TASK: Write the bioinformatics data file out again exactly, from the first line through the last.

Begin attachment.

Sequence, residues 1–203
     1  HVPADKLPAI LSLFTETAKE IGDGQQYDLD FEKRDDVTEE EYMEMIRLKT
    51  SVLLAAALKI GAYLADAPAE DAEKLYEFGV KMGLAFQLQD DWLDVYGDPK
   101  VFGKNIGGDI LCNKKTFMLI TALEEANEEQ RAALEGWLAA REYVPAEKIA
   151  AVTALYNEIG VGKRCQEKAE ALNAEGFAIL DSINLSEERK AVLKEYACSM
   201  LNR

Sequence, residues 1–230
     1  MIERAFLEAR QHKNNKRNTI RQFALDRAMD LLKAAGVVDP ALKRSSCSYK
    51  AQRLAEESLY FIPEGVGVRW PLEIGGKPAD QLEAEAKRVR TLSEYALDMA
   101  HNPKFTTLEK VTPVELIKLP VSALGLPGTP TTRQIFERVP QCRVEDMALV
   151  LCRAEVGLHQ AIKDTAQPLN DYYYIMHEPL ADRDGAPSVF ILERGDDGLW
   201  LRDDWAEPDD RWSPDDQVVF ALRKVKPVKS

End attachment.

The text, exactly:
Sequence, residues 1–203
     1  HVPADKLPAI LSLFTETAKE IGDGQQYDLD FEKRDDVTEE EYMEMIRLKT
    51  SVLLAAALKI GAYLADAPAE DAEKLYEFGV KMGLAFQLQD DWLDVYGDPK
   101  VFGKNIGGDI LCNKKTFMLI TALEEANEEQ RAALEGWLAA REYVPAEKIA
   151  AVTALYNEIG VGKRCQEKAE ALNAEGFAIL DSINLSEERK AVLKEYACSM
   201  LNR

Sequence, residues 1–230
     1  MIERAFLEAR QHKNNKRNTI RQFALDRAMD LLKAAGVVDP ALKRSSCSYK
    51  AQRLAEESLY FIPEGVGVRW PLEIGGKPAD QLEAEAKRVR TLSEYALDMA
   101  HNPKFTTLEK VTPVELIKLP VSALGLPGTP TTRQIFERVP QCRVEDMALV
   151  LCRAEVGLHQ AIKDTAQPLN DYYYIMHEPL ADRDGAPSVF ILERGDDGLW
   201  LRDDWAEPDD RWSPDDQVVF ALRKVKPVKS